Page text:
State's poor seeking more aid

Demands on shelters, food pantries rising

welfare cuts blamed

November 19, 1999|By Kate Shatzkin | Kate Shatzkin,SUN STAFF

Use of food pantries and homeless shelters has increased sharply around Maryland in the past year despite the state's prosperity, according to an anti-poverty group's survey.

Early results of the survey, conducted by the Center for Poverty Solutions in Baltimore, show that Maryland food pantry patrons took home 59 percent more groceries this year than last and that the number of children seeking shelter went up by nearly a quarter.

Though both numbers have risen in the annual survey over the past five years, the increases this year are much greater, said Rob Hess, president of the center.

Advocates for the poor attribute the numbers to the slashing of food stamp and welfare benefits. Maryland's cash assistance rolls have fallen by two-thirds in the past four years as the state has tried to move the poor from welfare to work.

"We've slashed the welfare rolls dramatically," Hess said. "The reality is those folks have transitioned into jobs that in most cases don't pay a living wage. There's this gap between what they're earning and what they need to survive."

The 200 providers that have responded to the survey report that overall, 30 percent more people have used food pantries and that they're taking home more bags.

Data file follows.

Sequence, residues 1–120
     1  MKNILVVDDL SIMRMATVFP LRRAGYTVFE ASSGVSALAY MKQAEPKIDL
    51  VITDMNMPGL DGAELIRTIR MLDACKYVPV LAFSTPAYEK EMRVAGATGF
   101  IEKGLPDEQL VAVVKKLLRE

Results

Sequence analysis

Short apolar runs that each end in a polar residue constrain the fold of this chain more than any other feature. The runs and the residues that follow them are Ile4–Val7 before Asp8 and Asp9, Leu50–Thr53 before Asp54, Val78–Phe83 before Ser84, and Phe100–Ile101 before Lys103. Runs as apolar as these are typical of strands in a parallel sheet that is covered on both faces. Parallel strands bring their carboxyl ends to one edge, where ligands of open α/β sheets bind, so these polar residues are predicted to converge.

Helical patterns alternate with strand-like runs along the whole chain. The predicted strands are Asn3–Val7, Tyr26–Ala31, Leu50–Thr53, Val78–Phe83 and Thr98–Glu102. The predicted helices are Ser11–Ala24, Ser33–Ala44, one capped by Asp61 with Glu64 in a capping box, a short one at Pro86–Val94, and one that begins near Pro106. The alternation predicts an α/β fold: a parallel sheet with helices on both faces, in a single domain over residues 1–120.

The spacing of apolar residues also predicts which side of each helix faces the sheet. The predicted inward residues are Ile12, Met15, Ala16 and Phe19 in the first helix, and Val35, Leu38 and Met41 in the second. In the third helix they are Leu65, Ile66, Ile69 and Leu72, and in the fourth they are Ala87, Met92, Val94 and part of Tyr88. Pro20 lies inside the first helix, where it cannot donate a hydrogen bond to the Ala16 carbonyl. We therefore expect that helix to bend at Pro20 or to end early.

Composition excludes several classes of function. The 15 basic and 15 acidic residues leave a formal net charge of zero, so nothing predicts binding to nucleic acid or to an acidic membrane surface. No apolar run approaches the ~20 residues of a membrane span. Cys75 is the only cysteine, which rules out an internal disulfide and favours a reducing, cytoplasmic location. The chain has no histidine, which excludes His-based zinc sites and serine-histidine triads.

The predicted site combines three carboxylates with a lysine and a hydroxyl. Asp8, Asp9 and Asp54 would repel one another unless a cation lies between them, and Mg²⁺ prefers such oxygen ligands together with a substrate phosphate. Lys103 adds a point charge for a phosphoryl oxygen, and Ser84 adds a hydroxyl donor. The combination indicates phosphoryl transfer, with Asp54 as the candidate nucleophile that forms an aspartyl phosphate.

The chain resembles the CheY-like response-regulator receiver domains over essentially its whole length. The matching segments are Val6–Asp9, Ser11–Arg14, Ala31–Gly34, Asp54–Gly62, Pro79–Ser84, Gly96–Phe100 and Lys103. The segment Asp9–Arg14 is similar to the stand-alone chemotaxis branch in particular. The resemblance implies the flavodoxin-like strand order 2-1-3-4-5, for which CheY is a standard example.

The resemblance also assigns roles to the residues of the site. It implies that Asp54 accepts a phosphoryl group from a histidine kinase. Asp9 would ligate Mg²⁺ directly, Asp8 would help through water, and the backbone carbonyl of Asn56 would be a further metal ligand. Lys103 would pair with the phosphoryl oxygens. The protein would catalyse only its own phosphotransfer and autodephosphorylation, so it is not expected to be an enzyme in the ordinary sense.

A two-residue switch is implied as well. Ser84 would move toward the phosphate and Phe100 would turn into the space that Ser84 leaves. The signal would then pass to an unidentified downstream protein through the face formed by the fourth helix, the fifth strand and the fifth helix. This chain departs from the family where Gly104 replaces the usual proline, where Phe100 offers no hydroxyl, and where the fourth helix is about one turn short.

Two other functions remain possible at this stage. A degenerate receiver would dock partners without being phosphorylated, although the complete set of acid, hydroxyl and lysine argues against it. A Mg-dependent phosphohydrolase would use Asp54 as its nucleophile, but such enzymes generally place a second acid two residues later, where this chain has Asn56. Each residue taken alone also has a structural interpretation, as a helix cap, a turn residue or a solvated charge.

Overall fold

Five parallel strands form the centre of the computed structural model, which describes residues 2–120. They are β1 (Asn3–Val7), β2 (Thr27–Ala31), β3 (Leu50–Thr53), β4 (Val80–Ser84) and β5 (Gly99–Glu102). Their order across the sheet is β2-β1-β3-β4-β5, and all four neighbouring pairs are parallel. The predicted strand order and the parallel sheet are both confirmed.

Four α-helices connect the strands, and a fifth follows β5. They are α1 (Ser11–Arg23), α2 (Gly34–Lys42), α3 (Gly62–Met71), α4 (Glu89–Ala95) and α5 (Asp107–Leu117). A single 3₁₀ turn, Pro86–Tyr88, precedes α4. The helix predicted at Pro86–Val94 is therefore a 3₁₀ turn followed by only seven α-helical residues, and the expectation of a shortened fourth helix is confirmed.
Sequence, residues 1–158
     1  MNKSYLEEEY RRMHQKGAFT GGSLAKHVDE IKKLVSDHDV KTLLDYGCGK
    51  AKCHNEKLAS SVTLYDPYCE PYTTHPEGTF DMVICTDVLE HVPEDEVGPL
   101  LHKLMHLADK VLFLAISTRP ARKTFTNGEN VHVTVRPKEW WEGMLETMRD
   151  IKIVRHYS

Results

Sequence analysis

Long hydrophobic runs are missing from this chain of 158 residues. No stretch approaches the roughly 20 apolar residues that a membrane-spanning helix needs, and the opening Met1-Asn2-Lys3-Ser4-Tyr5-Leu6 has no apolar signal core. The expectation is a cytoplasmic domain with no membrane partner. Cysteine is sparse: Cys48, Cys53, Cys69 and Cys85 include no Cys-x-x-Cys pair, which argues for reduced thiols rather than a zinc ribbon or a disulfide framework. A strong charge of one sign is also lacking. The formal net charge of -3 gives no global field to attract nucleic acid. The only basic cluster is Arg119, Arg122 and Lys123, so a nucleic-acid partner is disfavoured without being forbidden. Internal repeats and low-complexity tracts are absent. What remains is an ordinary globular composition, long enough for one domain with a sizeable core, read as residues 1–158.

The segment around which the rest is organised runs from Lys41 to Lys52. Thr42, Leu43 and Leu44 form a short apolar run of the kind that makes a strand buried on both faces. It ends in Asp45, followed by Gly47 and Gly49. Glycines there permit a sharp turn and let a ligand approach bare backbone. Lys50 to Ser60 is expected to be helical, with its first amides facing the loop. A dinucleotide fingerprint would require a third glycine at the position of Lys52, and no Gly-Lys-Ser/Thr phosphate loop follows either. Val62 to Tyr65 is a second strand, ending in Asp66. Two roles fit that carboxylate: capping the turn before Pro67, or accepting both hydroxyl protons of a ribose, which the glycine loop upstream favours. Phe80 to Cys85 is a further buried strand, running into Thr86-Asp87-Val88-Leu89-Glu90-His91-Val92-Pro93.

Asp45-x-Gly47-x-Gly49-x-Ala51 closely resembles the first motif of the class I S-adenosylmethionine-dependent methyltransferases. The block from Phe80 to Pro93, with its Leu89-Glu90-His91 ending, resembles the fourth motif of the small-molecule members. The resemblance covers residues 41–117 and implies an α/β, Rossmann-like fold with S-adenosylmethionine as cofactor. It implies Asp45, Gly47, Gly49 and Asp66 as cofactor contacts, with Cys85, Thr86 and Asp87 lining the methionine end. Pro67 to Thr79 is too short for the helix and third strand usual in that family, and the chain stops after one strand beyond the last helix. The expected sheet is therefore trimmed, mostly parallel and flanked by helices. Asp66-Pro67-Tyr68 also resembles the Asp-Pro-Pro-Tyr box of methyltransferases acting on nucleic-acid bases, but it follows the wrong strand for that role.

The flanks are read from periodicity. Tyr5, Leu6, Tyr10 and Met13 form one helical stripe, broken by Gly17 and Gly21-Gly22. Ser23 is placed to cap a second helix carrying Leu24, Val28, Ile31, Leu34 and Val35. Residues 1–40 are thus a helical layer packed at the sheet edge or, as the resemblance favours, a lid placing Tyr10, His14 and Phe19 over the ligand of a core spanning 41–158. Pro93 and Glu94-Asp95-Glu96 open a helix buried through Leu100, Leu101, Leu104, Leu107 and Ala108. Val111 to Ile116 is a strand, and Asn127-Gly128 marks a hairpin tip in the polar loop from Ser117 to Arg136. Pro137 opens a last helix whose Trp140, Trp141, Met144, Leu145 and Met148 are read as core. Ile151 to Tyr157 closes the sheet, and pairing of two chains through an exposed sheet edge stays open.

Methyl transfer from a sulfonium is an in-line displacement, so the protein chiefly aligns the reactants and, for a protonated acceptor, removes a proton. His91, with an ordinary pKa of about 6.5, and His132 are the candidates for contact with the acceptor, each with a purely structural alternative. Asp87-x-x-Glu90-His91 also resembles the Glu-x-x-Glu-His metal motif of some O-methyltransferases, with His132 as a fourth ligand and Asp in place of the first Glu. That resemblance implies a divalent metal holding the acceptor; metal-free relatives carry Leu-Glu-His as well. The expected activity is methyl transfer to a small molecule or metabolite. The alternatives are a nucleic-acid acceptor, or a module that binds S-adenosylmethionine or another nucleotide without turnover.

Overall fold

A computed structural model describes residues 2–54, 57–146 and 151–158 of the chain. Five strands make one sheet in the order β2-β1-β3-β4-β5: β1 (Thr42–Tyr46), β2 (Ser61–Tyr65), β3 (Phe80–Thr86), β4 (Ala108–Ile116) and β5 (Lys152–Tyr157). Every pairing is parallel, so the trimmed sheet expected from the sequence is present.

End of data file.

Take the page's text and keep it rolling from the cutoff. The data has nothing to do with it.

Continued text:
In September 1998, for example, those providers reported giving out 36,280 bags of food.

This September, they gave out 57,626 bags.

Since July 1, donations to the Maryland Food Bank have increased by 2 percent -- but use has gone up 10 percent, said Executive Director Bill Ewing.

The food bank's 52,000-square-foot warehouse, which provides food to 900 programs around Maryland, is emptier than Ewing has ever seen it.

For the first time, he said, the bank has stopped accepting new clients.

The grocery industry's use of electronic scanners has reduced food donations in recent years by allowing supermarkets to gauge their inventory more efficiently. Ewing has relied more on fresh produce to fill the gap.

`A burden on us'

At St. Gregory the Great Catholic Church in West Baltimore, use of the soup kitchen and food pantry is up 77 percent, said the pastor, the Rev. Damien Nalepa.

The soup kitchen, run every Thursday, draws about 300 people a week. It used to draw 170.

"The increase has just put a burden on us to come up with the resources to meet the needs," he said.

Shelters are equally full, said Bea Gaddy, who provides about 60 emergency beds at several city locations.

"It's children and, believe it or not, it's older people who are seeking a place to sleep," Gaddy said. "This is getting bad."

Going to Glendening

Hess said he and other advocates hope to meet with Gov. Parris N. Glendening in the next few weeks to seek an increase in state aid for emergency food.

As the holidays near, providers hope for more donations.

The Center for Poverty Solutions, the Maryland Food Bank and MIX 106.5 radio will sponsor a "Stuff-A-Bus" drive for nonperishable food this weekend at the Southdale Shopping Center in Glen Burnie, St. Thomas Center in Owings Mills, Dorsey's Search Village in Ellicott City and at 7944 Honeygo Blvd. in White Marsh. The food drive runs from 8 a.m. to 8 p.m. Saturday and from 8 a.m. to 6 p.m. Sunday.

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